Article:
Great ways of utilizing this excellent source of skilled resource is part time work or sharing a full time position between two or more part time mature workers. In part 1 of this series, I presented a case study of a church in Florida which recently hired two part-time pastors to fill what was initially publicized as a single full time senior pastor position.
Please read part 1 – this interview with Rev. Dr. Nancy Wilson, one of the pastors who took half of this senior pastor job.
Now I would like to offer five tips / best practices / advantages for hiring two part people to fill one full time position, the first four coming from the case study shared in the blog part 1:
1) Seek complementary skills from the two candidates. Take advantage of this opportunity of getting two people for the price of one. When hiring one single person, you may often need to weigh each candidate’s strengths and weaknesses to another, but with two people, you can bring in two different sets of skills and also cover the weaknesses one person may have.
2) Do make sure that both people can team well and work together. In some cases, the two candidates may have a prior working or personal relationship and know they can work together. In other cases, you may need to interview the two candidates together and also contact references to specifically discuss how well each person works with others.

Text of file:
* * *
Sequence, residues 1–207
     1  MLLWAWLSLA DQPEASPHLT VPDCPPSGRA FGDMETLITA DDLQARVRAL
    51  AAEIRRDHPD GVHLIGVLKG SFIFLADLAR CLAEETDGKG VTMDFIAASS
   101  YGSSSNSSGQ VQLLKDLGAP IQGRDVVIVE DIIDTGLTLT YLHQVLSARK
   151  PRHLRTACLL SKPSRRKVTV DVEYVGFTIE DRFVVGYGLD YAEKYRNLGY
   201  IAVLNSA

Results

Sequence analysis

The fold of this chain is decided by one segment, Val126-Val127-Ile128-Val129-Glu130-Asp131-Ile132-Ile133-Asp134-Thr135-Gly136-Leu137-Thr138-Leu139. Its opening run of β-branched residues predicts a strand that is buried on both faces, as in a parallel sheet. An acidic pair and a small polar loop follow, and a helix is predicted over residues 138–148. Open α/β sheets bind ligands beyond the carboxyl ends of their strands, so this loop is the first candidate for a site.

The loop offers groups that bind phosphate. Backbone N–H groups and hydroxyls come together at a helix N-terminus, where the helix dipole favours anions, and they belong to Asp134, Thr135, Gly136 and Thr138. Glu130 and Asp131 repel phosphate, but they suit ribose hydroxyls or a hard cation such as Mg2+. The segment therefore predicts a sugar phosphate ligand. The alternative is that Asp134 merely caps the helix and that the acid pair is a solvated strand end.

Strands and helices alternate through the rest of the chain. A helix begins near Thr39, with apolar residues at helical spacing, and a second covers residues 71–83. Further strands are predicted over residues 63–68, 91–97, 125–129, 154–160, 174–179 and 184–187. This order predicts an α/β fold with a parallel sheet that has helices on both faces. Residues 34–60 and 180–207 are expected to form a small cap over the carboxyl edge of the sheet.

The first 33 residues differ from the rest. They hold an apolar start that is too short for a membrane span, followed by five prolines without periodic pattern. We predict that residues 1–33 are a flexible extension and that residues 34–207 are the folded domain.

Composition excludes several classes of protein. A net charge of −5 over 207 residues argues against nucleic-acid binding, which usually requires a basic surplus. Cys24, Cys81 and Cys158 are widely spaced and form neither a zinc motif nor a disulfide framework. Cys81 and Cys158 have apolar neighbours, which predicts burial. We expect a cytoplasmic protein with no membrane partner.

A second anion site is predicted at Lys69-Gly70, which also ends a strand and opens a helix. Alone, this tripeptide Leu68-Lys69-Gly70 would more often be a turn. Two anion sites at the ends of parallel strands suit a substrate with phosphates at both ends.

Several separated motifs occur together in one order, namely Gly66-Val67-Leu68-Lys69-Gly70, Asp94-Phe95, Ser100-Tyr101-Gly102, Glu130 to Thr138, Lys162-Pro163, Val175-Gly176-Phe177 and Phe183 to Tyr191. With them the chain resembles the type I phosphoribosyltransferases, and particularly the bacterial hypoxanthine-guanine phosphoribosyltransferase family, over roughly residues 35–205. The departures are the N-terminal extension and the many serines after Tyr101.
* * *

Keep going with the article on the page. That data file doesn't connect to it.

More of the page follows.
3) Realize that the cost may be a little more than the original budget for the one person. Often mature experienced workers will required a somewhat higher pay than an inexperienced person, and each may want to work a little more than 20 hours a week. But you may also save some on benefits (employees over 65 could be on Medicare), and you will probably get a lot more value in terms of knowledge, hard work and dedication from these employees
4) Have a plan in place in case one of the pair leaves or retires. You could ask that each person give you two months notice before leaving as part of the agreement to give you time to backfill. You could also ask the remaining part timer to work full time temporarily to pick up the slack, and also involve them in the hiring process of the new “second half.”
5) In addition to seeking outside candidates, consider the mature workers you currently have on board. Some may welcome a shared part time position as an ideal transition between working full time and full time retirement.
Do think creatively! I do hope this two part series is both inspirational and practical in terms of addressing alternatives to employment resources.